This and That Newsletter
A Weekly Publication
Vol 14 Issue 697 Circulation 5,000 June 3, 2010
PO Box 11
Ardmore, Oklahoma 73402
email address: email@example.com
We love road trips, so Jill and I decided to take a short road trip last weekend and departing from our usual direction, we went west. Our first stop was Waurika, Oklahoma where I spotted a bell in front of the 1908 First Baptist Church building (no longer being used as a church).
Just north of Waurika about 10 miles is Addington, Oklahoma. Not much left of Addington, but there is the Addington Station Antiques store (580-439-5566) on the west side of the highway. They were closed when we drove through, but I had to stop and take some photos of these 2 beautiful red cedar statues. They were wooden Indians and whoever the artist is, he can create a real piece of art work with his chainsaw. This first statue on display is The War Bonnet.
And here is Indian statue #2 in front of the store. He's the Eagle Dancer. The cedar is so beautiful.
North on Highway 81 from Addington is the small town of Comanche, Oklahoma. We spotted several murals painted on the old buildings in town, but this one on the side of a pizza place caught my eye.
Next stop north was Duncan. After eating Chinese food we hit Main Street to see the antiques stores. One in particular really caught our attention. Butterfield's Antiques and Collectibles had several one-of-a-kind antiques and owner Rick Minter gave Jill and I the grand tour. The store is located in the old C R Anthony Company and it has the originally installed Peele Motor Stair (known today as an escalator). I have so many neat antiques to show everyone, I'll need to put some of them in next week's T&T.
Rick had several display cases with fishing lures in them. What made these lures special is every one of them were made by a man in Duncan starting in the 30s. Rick is compiling a soon-to-be-published book about the Duncan man and his lures. It seems the man in Duncan was a fishing buddy with a man in Gainesville, Texas. The Gainesville man invented the famous Bomber lures and sold from his store, the Bomber Bait Company, in Gainesville. Being a friend and fellow fishing club member, the man in Duncan was granted permission to make the same lures in Duncan and sell to the public. Later there was a parting of ways, and a Cease and Desist order was issue to the Duncan man, so he no longer made the Bomber Lures, but did continue making other types of fishing lures. Here is a just once display case with the Duncan lures in Rick's shop.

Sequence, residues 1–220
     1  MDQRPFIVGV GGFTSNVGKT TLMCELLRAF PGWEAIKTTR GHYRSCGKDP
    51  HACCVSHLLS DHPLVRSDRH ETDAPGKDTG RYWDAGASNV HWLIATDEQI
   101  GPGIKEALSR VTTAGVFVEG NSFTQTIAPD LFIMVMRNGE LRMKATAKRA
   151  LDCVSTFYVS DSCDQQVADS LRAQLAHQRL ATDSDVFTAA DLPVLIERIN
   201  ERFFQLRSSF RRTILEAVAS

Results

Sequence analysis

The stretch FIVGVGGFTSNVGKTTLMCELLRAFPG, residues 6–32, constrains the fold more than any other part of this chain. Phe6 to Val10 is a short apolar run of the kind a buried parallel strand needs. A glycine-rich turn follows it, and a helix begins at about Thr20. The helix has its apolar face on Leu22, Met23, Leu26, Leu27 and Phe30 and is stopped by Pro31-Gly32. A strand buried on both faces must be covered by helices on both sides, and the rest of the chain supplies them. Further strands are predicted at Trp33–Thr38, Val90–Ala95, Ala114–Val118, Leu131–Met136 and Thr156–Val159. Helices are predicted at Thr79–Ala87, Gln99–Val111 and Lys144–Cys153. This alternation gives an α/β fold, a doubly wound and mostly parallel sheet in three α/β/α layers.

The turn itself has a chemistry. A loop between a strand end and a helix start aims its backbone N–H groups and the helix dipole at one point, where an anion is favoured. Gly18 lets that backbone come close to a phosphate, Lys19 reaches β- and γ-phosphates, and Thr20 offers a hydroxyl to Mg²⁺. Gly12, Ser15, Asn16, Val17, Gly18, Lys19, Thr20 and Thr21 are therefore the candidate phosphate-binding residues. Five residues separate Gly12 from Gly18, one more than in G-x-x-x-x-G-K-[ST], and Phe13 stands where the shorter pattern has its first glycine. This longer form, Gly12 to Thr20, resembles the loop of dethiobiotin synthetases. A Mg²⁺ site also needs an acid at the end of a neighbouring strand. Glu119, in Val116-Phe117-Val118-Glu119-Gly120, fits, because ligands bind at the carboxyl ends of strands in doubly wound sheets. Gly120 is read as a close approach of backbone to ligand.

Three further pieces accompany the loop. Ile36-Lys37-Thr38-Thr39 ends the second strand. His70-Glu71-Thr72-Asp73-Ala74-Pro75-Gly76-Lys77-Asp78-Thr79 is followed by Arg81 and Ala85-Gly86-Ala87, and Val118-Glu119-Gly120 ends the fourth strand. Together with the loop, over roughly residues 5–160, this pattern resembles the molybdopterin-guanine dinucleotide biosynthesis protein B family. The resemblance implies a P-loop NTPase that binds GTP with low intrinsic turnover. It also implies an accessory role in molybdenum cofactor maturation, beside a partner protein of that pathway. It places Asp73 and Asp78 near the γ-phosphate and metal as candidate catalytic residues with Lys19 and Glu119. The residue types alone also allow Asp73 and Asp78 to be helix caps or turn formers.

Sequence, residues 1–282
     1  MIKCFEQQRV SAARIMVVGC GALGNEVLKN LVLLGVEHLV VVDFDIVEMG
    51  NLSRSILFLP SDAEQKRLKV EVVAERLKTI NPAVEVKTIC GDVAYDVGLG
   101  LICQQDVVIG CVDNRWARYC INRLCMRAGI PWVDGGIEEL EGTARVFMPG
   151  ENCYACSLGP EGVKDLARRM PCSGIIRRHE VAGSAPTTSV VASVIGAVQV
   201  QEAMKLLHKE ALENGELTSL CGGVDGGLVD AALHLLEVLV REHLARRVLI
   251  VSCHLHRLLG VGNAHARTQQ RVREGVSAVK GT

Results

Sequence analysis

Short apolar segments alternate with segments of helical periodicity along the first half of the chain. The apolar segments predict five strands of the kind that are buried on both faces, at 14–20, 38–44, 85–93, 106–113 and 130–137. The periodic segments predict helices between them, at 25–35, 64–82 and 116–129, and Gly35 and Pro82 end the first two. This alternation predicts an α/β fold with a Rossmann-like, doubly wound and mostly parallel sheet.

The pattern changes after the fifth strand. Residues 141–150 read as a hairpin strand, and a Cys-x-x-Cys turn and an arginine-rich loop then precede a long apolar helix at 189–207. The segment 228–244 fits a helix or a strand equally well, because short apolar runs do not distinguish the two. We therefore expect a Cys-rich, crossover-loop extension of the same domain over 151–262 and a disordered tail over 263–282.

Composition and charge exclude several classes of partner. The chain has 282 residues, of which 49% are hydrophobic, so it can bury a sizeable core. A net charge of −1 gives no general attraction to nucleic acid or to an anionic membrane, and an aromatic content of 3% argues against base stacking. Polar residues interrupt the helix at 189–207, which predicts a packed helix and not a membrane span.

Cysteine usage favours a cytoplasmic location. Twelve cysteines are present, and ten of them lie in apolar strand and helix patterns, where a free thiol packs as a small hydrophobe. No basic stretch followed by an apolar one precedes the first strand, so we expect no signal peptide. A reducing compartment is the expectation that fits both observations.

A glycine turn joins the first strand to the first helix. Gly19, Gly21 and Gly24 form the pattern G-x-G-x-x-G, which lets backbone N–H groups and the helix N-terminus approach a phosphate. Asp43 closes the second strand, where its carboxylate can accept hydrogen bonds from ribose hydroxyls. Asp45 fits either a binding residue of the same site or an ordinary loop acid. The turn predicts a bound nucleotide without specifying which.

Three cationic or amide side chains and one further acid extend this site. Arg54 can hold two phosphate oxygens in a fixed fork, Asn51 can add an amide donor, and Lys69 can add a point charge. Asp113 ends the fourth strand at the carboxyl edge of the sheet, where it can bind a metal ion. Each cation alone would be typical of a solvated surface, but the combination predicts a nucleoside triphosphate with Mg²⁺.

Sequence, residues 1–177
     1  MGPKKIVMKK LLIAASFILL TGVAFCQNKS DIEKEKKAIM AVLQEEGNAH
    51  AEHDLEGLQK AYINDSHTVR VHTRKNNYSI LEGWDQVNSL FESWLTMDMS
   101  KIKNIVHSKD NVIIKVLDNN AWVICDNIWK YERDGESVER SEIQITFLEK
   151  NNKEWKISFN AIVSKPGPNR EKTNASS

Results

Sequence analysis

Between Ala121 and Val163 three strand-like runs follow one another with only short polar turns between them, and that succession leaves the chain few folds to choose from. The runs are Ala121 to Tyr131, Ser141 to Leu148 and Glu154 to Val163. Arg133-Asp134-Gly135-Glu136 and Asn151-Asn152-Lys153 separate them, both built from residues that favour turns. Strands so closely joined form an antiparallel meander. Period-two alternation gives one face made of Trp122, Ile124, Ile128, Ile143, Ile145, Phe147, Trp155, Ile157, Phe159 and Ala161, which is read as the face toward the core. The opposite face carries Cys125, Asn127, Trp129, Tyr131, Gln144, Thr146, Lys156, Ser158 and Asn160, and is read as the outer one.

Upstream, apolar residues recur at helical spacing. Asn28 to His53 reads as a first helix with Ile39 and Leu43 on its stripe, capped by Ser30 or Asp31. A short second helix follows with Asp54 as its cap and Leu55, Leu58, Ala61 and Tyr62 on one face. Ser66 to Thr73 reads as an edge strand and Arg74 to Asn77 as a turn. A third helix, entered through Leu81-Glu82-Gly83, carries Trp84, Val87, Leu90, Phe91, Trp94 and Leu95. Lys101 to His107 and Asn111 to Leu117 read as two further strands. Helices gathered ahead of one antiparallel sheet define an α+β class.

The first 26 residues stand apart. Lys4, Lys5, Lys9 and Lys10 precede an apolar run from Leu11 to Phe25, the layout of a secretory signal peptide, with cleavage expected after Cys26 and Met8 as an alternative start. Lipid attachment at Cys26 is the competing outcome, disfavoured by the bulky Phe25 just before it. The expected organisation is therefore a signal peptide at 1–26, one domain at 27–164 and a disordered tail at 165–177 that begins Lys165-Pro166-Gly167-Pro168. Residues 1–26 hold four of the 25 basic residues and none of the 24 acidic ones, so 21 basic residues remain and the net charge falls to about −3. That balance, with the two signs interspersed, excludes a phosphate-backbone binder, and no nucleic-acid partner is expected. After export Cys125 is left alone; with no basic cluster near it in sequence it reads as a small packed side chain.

Rick has a lot of neat, still liquid in them, pop bottles on display. This is two that are not for sale, they were bottled right there in Duncan years ago. One is the Tru-Grape soda and the other Hick's Milk. This is a picture of Rick Minter showing the bottles to us.
These next pics are just some of the soda bottles on display. Many were for sale in the $8 to $12 dollar range.
Of course I had to take a close-up of this 1955 bottle of Dr Pepper, my favorite soda. If I bought it for the asking price of $80 Rick would have to guarantee it to still have the fizz. lol
I have more very interesting, one-of-a-kind items to show everyone (wait until you see the Boy Scout "box") but I'm going to save them for next week to try and keep this issue from being so long. If anyone has questions for Rick on any of the above, here is his business card.
Of course no antiquing trip would be complete without stopping by to see our friend Judi Elmore at Antiques Etc on East Main right here in Ardmore. If you've not been in there in a while, you're in for a surprise. The building is the old B.L. Owens Furniture store, and its loaded from one end to the other with collectibles. Judi keeps a tight ship and everything is so neat and orderly, everything in its place. I remember a few years ago seeing these old pair of metal roller skates in her store, and I had to have them. I had the same kind when I was a kid and trying to skate on our bumpy side walk on 3rd NE. More times than not, when I came to a gap in the sidewalk, down I went. At $7.50 I couldn't pass them up, and they went with the skate key I already had from my teens.